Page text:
This is superb as the levels are designed in a way to make you think, while also throwing something new towards you as time goes on. One of the highlights for me is a time puzzle; no it isn't a timer counting down like you would think, but you have some gears to set up a specific way to trigger the exit of the level. The game also gives you new powers throughout your time playing that you can use to solve levels. One of the earlier powers allows you to convert planets to water, the water based planets allow you to go right through them. Running around the level simply causes the surface of the planet you're running on to change once you have the appropriate power. As you play the game you gain more powers with loads of elemental powers to discover which can be switched at any time on the fly by simply using the bumper buttons on the controller. The fact that the game gives you powers and throws you into situations where you have to use them to reach your goal keeps the level of interest up.
A particular favourite of mine are the maze levels which finds you figuring out how to get an object which follows you out of the maze by moving around on the outside, this takes some planning and getting used to, but with practice you'll find yourself in perfect control of the proceedings at all times right until you manage to complete the maze. You also gain new abilities in addition to the magical powers, early on in the game one of the first abilities you get is to add weight to the character when orbiting, allowing Iona to fall faster. The powers along the way include the ability to jump again while orbiting or to float instead of falling as well as the ability to dash for a burst of speed. Special mention must also go to the implementation of magic, rather than having a bar that depletes as you use your magic powers Gravity Ghost instead uses the character's hair. As you traverse the various levels there are flowers laying around, when collected the flowers causes your character's hair to grow. As you use your magical powers the hair shortens, if it gets to a certain point then more flowers are required to perform any more magic. This is a nice touch that fits in beautifully with the game world rather than a boring old meter.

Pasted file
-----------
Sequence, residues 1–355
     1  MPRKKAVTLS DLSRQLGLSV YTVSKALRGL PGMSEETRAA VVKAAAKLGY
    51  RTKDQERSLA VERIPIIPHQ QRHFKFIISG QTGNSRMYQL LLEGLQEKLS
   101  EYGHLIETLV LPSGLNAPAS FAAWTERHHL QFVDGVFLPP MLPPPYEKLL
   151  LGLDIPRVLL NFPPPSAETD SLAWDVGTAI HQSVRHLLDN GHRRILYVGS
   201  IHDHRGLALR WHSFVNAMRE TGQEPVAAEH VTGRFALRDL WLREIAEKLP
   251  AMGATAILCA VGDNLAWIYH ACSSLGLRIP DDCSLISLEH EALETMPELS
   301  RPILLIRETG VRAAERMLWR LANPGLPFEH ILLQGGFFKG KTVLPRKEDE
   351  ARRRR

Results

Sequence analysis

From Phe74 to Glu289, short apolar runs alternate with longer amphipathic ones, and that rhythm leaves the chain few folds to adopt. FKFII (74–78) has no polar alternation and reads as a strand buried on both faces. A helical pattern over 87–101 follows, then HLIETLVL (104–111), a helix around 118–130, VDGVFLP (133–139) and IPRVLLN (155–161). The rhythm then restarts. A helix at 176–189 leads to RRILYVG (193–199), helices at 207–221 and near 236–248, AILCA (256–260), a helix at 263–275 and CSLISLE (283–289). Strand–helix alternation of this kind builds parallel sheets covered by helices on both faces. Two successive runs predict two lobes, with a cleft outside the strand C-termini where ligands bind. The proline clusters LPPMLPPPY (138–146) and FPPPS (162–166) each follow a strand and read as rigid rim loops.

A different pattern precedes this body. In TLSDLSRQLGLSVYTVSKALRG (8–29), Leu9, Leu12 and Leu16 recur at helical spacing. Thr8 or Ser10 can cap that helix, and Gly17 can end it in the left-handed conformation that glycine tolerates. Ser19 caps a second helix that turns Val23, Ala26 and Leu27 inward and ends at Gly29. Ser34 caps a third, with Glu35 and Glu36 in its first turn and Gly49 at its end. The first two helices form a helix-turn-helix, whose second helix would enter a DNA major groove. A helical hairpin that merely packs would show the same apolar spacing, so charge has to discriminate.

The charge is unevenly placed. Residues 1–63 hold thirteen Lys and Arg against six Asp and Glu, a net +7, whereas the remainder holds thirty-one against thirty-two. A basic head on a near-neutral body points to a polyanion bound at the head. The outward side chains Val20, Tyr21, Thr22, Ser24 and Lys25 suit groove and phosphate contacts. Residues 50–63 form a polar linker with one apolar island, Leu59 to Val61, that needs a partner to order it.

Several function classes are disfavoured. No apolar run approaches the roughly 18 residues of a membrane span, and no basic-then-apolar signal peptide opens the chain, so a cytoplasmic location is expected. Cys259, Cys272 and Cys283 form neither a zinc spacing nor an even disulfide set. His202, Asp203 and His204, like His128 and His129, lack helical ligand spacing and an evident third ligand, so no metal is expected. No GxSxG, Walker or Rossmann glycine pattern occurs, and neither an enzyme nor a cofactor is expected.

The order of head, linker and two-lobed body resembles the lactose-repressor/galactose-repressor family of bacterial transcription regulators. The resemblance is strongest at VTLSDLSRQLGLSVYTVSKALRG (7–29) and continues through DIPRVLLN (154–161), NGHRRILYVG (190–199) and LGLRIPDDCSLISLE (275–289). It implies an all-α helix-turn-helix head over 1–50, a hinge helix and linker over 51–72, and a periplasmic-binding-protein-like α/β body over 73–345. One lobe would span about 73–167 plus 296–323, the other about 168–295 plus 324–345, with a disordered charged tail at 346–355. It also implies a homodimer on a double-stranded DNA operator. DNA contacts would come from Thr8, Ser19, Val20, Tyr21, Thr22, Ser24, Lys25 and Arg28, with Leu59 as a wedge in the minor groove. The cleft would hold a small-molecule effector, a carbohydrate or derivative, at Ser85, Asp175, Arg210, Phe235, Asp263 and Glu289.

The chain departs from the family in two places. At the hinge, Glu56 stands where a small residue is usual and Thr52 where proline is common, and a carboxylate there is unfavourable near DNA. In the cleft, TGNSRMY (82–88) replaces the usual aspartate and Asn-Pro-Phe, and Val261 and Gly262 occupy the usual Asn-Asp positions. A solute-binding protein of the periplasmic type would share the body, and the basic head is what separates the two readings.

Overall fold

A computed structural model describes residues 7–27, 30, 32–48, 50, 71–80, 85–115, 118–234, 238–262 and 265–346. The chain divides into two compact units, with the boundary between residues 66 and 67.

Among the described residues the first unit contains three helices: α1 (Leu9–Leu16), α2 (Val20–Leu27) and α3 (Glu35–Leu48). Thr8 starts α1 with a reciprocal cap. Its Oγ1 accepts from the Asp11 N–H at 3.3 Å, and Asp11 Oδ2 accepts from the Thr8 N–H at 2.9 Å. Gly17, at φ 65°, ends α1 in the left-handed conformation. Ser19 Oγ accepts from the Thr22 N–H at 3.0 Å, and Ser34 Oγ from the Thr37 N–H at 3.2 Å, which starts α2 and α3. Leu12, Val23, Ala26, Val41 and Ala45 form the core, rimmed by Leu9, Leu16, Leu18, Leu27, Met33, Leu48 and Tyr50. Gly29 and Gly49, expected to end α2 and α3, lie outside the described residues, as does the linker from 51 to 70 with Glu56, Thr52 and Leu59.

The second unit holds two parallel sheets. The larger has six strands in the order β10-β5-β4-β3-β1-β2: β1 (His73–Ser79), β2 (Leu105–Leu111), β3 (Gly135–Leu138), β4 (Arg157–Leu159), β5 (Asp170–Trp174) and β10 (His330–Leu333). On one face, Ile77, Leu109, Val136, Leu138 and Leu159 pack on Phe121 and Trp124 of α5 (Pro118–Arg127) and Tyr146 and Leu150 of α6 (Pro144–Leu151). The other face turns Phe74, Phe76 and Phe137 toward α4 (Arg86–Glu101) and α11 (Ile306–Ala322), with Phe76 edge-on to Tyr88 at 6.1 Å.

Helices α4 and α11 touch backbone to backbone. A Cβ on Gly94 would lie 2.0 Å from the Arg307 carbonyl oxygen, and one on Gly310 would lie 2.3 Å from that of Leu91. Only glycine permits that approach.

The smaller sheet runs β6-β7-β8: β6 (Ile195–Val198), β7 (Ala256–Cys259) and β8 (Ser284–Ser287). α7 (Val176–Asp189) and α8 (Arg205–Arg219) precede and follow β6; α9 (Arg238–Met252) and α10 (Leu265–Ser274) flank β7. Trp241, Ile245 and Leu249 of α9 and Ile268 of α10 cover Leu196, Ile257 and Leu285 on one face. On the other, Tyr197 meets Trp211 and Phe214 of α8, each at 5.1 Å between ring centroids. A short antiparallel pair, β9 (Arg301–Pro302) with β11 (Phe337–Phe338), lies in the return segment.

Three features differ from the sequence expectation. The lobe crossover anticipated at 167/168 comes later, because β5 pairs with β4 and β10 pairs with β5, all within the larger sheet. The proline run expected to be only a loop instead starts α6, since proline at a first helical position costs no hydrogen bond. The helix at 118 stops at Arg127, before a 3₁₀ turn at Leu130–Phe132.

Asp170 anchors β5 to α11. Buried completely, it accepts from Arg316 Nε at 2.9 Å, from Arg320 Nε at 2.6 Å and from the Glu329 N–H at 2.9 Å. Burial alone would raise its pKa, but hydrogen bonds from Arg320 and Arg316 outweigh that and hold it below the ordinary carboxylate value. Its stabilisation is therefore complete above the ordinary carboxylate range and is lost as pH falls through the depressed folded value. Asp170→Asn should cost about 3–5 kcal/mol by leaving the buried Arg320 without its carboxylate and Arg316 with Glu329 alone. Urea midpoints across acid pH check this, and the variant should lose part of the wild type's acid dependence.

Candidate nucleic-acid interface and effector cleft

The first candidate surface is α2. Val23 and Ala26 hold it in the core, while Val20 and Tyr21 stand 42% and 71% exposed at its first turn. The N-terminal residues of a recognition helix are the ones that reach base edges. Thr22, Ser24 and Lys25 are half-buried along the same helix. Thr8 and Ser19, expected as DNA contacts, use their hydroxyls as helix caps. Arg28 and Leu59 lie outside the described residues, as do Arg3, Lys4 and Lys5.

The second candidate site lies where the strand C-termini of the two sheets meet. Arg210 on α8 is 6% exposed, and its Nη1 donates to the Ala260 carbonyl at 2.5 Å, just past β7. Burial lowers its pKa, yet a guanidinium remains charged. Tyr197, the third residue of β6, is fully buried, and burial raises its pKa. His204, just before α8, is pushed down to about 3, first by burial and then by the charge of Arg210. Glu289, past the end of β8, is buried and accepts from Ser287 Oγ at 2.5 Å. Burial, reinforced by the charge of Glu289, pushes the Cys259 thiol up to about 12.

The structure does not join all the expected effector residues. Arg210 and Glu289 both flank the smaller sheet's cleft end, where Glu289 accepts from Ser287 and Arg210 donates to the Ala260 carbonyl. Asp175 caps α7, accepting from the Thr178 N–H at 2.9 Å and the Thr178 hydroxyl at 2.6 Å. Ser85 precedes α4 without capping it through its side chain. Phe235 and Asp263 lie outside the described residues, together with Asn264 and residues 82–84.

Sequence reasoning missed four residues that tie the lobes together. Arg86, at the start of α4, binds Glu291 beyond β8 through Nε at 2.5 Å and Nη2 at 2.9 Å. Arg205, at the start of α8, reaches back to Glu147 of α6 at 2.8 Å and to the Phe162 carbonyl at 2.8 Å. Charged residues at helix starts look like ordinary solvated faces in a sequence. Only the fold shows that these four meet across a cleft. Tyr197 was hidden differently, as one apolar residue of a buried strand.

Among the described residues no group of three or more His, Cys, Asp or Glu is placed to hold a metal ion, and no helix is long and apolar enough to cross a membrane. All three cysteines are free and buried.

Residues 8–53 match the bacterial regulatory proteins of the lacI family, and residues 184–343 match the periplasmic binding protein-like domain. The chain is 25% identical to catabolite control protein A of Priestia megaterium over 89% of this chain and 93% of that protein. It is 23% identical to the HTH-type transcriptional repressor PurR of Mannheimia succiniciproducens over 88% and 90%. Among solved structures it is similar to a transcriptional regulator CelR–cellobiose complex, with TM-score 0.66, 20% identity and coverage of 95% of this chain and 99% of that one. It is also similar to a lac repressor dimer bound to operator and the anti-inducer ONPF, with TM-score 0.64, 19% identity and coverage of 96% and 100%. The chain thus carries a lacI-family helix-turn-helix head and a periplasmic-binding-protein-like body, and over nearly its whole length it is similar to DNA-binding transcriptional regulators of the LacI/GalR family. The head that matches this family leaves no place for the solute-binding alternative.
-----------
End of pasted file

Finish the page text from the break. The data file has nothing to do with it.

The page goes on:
The controls are easy to grasp, tapping the 'A' button causes your character to jump, using the 'LB' or 'RB' button switches between the different magic powers and the triggers cause you to float or fall faster once you have acquired the right abilities. Iona is controllable with either the thumbstick or Dpad. For me the thumbstick was the preferred choice as the analogue nature of that method of control seemed to suit the action better. As you progress to the later levels there are more planets on the screen and objects which your character can orbit on, as you get close to a planet the planet itself gives off a subtle glow as a visual clue that it is the planet that you are currently locked onto. The bigger planets have a higher gravity field than the smaller ones and therefore a stronger pull if you are within their gravitational field. Not just a game then but a lovely learning tool as well.
As you play through the game and unlock sections some cut scenes are played, these show a little background on the characters you will meet and even convey a little emotion as they provide details on the past of the main character. They are done well and quite short so don't worry about being taken away from the action for too long. The game takes inspiration from a few games of the past although played in a 2D plane with the floating around there is definitely a touch of Nights in there. With the globes and the planets there is some Mario Galaxy and with the rescuing of animals, they've even added a slight little nod to the spiky blue one, Sonic.
Overall 8 out of 10